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This Week in Missouri Politics Column: The difference in mandates, that is if you do actually believe in science

  

I’ve personally felt like the approach Missouri has taken to COVID-19 has been one of the best of any in the country. The best indication of that isn’t cases or how much the gubment ordered people around, but in that the extremists on both sides moaned and wailed about it. 

With national Democrats simply abandoning Missouri, we are left with one-party rule, and that always means the extremists find innovative ways to get more and more of what they want and find innovative ways to never be happy with anything. 

With that said, anytime the crazies on both sides are weeping and gnashing teeth, it’s a pretty good day at the office of regular common sense folks. 

Gov. Mike Parson governs the most diverse state in the union and allowed St. Louis governments to be all up in the lives of St. Louisans, and he allowed rural Missouri gubments to stay the hell out of the lives of rural Missourians. 

The beauty of local control in a free society is that you can oppose the local governments’ decisions or easily run to be in that local government. If those options fail, you can move. Look at the migration from St. Louis City to north St. Louis County to now St. Charles County as proof that folks will move to find the right fit for them. 

Therefore, if you don’t like lockdowns or mask mandates, and you live in a more liberal area where the majority of folks do like those things, then you can advocate to change their minds or run for office and change it yourself. If those options don’t work for you, then cross the river and move somewhere you’re free to make your own decisions if that is more to your liking. 

Now imagine you’re a child. You can’t move. Or maybe one of your parents is a socialist, and you’re a 5-year-old capitalist, then you can’t move.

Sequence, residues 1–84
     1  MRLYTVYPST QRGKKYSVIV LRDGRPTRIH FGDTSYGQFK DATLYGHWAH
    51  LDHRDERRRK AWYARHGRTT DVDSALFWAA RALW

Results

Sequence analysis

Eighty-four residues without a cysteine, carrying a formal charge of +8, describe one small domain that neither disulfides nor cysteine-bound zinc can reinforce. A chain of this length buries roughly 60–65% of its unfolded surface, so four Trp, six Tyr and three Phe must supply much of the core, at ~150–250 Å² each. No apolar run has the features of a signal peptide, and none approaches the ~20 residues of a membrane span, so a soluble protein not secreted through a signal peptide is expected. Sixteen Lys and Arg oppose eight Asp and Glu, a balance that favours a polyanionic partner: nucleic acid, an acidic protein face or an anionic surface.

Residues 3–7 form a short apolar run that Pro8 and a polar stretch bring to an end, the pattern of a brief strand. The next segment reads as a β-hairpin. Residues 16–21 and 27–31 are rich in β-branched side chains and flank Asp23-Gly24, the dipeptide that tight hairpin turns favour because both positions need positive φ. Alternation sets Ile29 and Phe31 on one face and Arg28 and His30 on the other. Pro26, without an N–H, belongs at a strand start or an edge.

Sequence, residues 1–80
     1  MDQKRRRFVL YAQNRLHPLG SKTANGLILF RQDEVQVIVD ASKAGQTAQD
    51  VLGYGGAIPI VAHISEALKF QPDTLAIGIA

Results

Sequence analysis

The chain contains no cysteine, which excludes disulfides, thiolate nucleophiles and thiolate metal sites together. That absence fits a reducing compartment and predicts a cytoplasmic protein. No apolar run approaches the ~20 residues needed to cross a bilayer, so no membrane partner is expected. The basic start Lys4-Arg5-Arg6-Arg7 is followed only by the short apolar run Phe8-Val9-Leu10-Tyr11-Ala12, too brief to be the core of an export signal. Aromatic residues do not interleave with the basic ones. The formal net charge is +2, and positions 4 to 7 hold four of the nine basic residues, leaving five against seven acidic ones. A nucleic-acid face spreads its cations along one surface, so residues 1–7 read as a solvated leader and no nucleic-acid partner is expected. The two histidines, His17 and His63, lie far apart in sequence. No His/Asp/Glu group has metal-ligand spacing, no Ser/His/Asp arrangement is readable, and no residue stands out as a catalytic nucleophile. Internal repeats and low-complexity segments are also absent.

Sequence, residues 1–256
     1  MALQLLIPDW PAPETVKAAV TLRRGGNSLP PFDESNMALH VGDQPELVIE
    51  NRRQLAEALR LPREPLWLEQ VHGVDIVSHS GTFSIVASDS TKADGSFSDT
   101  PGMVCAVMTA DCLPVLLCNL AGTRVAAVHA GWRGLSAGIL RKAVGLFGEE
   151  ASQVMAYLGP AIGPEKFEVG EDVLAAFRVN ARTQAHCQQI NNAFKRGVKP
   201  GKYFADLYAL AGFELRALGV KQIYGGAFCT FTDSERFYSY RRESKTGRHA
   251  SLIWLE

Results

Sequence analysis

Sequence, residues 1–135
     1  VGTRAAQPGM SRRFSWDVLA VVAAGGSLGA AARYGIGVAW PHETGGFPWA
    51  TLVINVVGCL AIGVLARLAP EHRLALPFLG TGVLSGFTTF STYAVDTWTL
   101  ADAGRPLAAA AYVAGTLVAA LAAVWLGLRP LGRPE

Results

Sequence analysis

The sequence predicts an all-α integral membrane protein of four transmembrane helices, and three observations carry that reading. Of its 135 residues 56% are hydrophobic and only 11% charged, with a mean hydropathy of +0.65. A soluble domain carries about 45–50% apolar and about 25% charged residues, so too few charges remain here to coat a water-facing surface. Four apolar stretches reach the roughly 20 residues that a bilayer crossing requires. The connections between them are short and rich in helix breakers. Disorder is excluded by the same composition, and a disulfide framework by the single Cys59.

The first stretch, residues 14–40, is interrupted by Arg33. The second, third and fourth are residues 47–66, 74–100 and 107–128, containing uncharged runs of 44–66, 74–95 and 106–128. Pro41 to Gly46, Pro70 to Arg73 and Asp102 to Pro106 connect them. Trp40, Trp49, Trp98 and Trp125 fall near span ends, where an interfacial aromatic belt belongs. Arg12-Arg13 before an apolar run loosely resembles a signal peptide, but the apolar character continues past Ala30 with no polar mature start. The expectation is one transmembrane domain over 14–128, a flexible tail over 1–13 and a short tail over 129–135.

We all believe in science, right? Science has been defined as a branch of knowledge or study dealing with a body of facts or truths systematically arranged and showing the operation of general laws. 

In plain West Butler County speak, it is the use of logic and common sense in an organized fashion to solve problems. Now, how in the world are you gonna get a 5-year-old child to wear a face mask all day?

It’s literally a broadside attack on common sense to think that is even conceivable, even if it had any real scientific value, to think a 5-year-old is gonna wear a mask all day. That is, if you actually do believe in science. 

From the beginning of the COVID debate, it was repeatedly stated as science that children were not at severe risk from COVID. That is, if you actually do believe in science. 

Then the argument was that teachers at school could be of an age that is at risk. Well OK, so President Trump’s Operation Warp Speed brought a vaccine to market with incredible speed, and it’s been repeatedly stated as science that said the vaccine is effective. So a teacher can choose not to have COVID by getting vaccinated. That is, if you actually do believe in science. 

As a proud Neelyville R-4 public school graduate, I’ve always defended rural public schools. It’s always the St. Louis Republicans who have big genius ideas for our public schools even though it’s their schools that are failing, and I’ve never seen a St. Louis genius have any good intentions for rural Missourians. Remember the 15-year plan?

It’s been one of the saddest things I’ve seen observing state politics to watch schools essentially declare war on common sense and science with their mask mandates. Local control honestly doesn’t apply to those kids because they simply can’t move. 

It’s funny to watch the education intellectuals who think that some of those goofy high-priced studies are what has held the line for rural schools. No one who is persuadable ever reads or believes the big shot studies from either side.